February 19 2021

New detection method developed by Sydney scientists could enable early, accurate diagnosis for Parkinson’s disease.

Imaging CoE researchers from the UNSW Sydney Node create a new diagnostic method for Parkinson’s disease that combines a single-molecule counting technique with a rapid amplification assay to detect alpha-synuclein – a promising biomarker for the disease. This technique will allow clinicians to detect Parkinson’s disease at early stages before the onset of clinical signs, which will lead to better outcomes for the patients.

Clumping of the protein alpha-synuclein in cells of the nervous system is a hallmark of Parkinson’s disease as well as other neurological disorders, including Lewy body dementia, and multiple system atrophy. With no specific biomarkers to reliably diagnose Parkinson’s disease, clinicians rely on a combination of signs and symptoms, including tremors and responsiveness to specific treatments. The only definite way to diagnose Parkinson’s disease, at present, is at autopsy.

As reported in a paper published in Angewandte Chemie International Edition online recently, a new diagnostic strategy enables the analysis of protein aggregates in cerebrospinal fluid to detect alphasynuclein, and discriminate between Parkinson’s disease and other neurodegenerative diseases.

Parkinson’s disease is driven by highly organised strings of alpha-synuclein protein, called fibrils. The fibrils have the capacity to seed protein clumps in cells, and spread to other cells, ultimately interfering with normal functions of the brain. The research team show that, even at very low concentrations, these fibrils can be detected with a compact and simple to operate 3D-printed microscope developed previously by the study co-leads Dr Emma Sierecki and Dr Yann Gambin at UNSW Medicine and Health’s Single Molecule Science.

“Single-molecule counting allows precise quantitation and fingerprinting of protein aggregates, including size and reactivity of individual aggregates to identify unique signatures for each patient,” Dr Gambin said.

To enhance sensitivity and reliability of detection, the team coupled single-molecule detection with a short one-step assay to amplify alpha-synuclein fibrils. This method can detect fibrils in a little over five hours. Other molecular detection methods are under development by other research teams, but most of these require multiple steps to amplify alpha-synuclein requiring more than 50 hours.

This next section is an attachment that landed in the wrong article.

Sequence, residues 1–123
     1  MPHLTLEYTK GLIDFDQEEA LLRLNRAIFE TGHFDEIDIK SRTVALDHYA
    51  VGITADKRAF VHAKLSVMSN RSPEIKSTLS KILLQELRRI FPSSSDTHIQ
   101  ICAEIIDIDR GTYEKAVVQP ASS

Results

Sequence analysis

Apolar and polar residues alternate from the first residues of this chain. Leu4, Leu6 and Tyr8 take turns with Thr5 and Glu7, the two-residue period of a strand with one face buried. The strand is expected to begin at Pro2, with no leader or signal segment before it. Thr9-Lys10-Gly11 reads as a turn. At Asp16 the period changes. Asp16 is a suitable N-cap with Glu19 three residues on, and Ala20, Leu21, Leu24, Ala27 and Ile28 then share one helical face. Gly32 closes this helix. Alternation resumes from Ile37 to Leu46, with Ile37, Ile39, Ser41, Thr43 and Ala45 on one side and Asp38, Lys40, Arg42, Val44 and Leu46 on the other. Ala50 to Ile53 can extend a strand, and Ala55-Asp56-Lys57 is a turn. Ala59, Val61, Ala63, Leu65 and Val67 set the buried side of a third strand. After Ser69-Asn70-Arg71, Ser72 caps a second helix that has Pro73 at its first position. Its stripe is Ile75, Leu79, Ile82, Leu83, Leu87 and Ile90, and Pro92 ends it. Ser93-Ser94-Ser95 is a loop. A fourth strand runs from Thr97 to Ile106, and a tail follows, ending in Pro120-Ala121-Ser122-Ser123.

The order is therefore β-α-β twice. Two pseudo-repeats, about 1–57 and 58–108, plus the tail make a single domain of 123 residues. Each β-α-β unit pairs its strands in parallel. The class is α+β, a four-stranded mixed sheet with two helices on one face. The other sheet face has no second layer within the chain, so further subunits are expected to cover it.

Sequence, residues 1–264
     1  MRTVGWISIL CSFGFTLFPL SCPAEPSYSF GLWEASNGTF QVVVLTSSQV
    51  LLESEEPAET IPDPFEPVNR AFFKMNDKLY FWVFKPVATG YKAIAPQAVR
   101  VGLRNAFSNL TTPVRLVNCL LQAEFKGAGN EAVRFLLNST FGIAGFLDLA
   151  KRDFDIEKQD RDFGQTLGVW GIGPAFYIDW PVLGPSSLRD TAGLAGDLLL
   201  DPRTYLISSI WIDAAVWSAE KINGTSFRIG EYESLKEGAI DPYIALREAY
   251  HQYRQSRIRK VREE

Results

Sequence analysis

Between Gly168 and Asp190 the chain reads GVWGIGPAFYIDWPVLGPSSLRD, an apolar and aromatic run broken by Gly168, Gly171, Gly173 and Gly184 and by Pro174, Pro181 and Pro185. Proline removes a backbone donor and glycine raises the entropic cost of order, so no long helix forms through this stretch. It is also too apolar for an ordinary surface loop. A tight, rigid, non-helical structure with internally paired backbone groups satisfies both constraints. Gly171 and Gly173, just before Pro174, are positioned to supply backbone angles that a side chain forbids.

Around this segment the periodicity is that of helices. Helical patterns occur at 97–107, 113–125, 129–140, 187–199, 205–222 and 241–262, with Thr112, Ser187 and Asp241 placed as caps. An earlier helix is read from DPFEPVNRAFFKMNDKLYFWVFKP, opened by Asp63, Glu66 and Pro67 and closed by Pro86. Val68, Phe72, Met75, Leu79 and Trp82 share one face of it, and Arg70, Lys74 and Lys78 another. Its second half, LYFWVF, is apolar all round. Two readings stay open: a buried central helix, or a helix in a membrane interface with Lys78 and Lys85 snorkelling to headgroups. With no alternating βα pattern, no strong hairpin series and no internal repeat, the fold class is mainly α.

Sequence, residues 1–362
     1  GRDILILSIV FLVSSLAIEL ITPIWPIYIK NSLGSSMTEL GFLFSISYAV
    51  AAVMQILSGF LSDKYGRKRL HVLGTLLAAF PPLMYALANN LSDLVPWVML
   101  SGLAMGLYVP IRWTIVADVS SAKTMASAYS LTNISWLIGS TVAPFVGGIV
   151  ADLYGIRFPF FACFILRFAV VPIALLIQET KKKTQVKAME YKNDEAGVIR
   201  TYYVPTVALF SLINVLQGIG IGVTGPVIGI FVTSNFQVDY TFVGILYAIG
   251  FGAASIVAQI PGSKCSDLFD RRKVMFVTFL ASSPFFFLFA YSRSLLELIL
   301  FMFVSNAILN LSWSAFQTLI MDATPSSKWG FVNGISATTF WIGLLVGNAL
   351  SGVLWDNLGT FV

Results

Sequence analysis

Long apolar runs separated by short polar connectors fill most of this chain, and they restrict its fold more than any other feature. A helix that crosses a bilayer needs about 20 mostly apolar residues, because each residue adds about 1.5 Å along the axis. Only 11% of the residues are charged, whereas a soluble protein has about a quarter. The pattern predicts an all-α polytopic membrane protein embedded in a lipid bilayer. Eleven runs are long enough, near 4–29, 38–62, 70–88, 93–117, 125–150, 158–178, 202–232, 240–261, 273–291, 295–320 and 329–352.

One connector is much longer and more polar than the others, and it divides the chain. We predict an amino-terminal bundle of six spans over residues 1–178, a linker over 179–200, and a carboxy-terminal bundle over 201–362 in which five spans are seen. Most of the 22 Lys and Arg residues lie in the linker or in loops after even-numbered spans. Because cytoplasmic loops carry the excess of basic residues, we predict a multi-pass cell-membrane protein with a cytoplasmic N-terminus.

“Alpha-synuclein aggregates can be quite different and do not react the same way to amplification. This method will make it easier to distinguish between Parkinson’s disease and other diseases associated with alpha-synuclein aggregates. The amplification step also ensures that we are actually detecting alpha-synuclein,” Dr Sierecki said.

The team are excited that the method works in complex and clinically relevant samples like cerebrospinal fluid, and with the funding they recently secured from the Michael J. Fox Foundation and the Shake It Up Australia Foundation, their plan is to test and adapt the assay for detection of alpha-synuclein fibrils in biofluids that can be collected with less invasive procedures, including blood, urine and saliva.

“Hopefully we are getting the quantitative tools that are currently missing in Parkinson’s disease diagnostics. This new method can also be used during clinical trials to monitor disease progression, which currently relies on improvement of symptoms, with little quantitative biochemical analysis,” said Dr Sierecki.

Micrograph of alpha-synuclein aggregates in the midbrain of Parkinson’s patient. Suraj Rajan CC-BY-SA-3.0

This article was originally published by SMS at the UNSW Sydney Node.